A few weeks ago I wrote about how mosasaurs deftly cracked into the coiled shells of ammonites. The immense, seagoing lizards had a well-honed technique for breaking open the outer defenses of cephalopods – more squishy ammonite meat, less hard shell pieces.
But what did ammonites eat? Even though their fossils are extremely common, much of what we know about ammonites comes from shells, or pieces of shell. We don’t find ammonite gut contents in the same way that we can pick apart the fossilized food scraps in the stomachs of their predators, such as mosasaurs. The best clues about ammonite diets come from occasionally-preserved jaws – similar to the hard beaks of modern octopus and squid. When paleontologists looked in detail at the feeding apparatus of the straight-shelled ammonite Baculites, they were lucky enough to find the cephalopod’s prey preserved, too.
Isabelle Kruta and colleagues outlined the diet of Baculites in a Science paper last year. The key was the cephalopod’s buccal mass – the upper jaw, lower jaw, and a rasping feeding structure called a radula. These delicate hard parts are sometimes preserved inside ammonite shells, but, most often, are only seen when the creature’s shell breaks in just the right place or the sediment around the structures erode just enough to reveal their presence. Thanks to high-resolution x-ray imaging techniques, however, Kruta and co-authors were able to scan the contents of three roughly 66 million year old Baculites specimens from South Dakota’s Pierre Shale to reconstruct what the mouths of these animals looked like.
The Cretaceous cephalopod had asymmetrical jaws. In each specimen, the lower jaw was more than twice as long as the upper, and it seemed that the upper jaw might have been slightly more flexible than its counterpart. And the ammonite’s radula was a nasty, net-like arrangement of hard teeth which could have folded and unfolded in life. As scary as the reconstructed radula looked, though, Kruta and collaborators pointed out that the mouthparts didn’t represent a rapacious lifestyle of tearing chunks out of fish and other prey. The buccal mass of the prehistoric cephalopod most closely resembled its counterpart in small, open-ocean octopuses that feed on krill, copepods, and other small fare.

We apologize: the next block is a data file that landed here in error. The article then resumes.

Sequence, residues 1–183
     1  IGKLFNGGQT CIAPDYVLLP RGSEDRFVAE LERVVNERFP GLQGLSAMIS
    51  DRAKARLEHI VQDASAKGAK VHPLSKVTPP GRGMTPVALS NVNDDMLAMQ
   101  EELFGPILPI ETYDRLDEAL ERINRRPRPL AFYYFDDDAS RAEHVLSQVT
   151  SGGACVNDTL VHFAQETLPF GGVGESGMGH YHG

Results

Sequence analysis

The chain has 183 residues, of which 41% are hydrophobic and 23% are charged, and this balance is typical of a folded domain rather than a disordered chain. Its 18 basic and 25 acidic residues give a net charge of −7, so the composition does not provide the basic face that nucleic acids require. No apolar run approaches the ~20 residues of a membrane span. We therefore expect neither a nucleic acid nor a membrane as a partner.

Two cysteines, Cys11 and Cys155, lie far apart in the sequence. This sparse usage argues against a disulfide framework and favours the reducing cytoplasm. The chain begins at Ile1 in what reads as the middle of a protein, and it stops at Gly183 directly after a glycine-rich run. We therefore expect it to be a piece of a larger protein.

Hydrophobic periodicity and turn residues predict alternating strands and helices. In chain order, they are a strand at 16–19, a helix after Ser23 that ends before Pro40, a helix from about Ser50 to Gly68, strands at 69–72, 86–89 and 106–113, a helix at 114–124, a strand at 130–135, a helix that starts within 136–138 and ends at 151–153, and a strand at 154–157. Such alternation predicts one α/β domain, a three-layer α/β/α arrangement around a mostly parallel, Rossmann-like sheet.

A bit of comparative anatomy narrowed down the list of possible prey. But some fortuitous fossilization provided the paleontologists with a rare view of what the ammonite may have actually be eating. One Baculites specimen – AMNH 66253 – contained the remains of several small invertebrates inside the buccal mass. Portions of several small isopods and a larval snail were preserved in the mouth area.
As Kruta and colleagues pointed out, though, there’s more than one explanation for the association. The small invertebrates could have been eaten by the ammonite, might have been feeding on the buccal mass of the dead ammonite, or might have been washed into the body of the ammonite during preservation. Just because fossil remains of multiple creatures are found together doesn’t necessarily mean that they were interacting with each other in life – every association demands an explanation.
In this case, predation is the most likely possibility. If the tiny invertebrates were washed in, then additional small fossils should have been found in the rest of the ammonite’s body chamber. Instead, the diminutive animals were only found in the buccal mass. And the fact that the isopods were broken up threw support to the idea that the ammonite had actually eaten them. If the isopods and the snail were scavenging a cephalopod carcass, then we would expect the preservation process to keep their bodies intact. The isopods were already cleft into multiple pieces, hinting that the Baculites died right in the middle of a meal. The long-shelled Baculites was most likely a predator of plankton.
Of course, Baculites is just one of many, many, many ammonite forms. Ammonites undoubtedly differed in diets just as they differed in size, shape, and shell arrangements. Forms closely related to Baculites – called aptychophorans – may have also fed on plankton, but we don’t know for sure. Additional scans of ammonite shells will give paleontologists a better look at the mouth parts of these prolific cephalopods and, if we’re lucky, what some of those ammonites had for their last meals.
Kruta, I., Landman, N., Rouget, I., Cecca, F., & Tafforeau, P. (2011). The Role of Ammonites in the Mesozoic Marine Food Web Revealed by Jaw Preservation Science, 331 (6013), 70-72 DOI: 10.1126/science.1198793
Tanabe, K. (2011). The Feeding Habits of Ammonites Science, 331 (6013), 37-38 DOI: 10.1126/science.1201002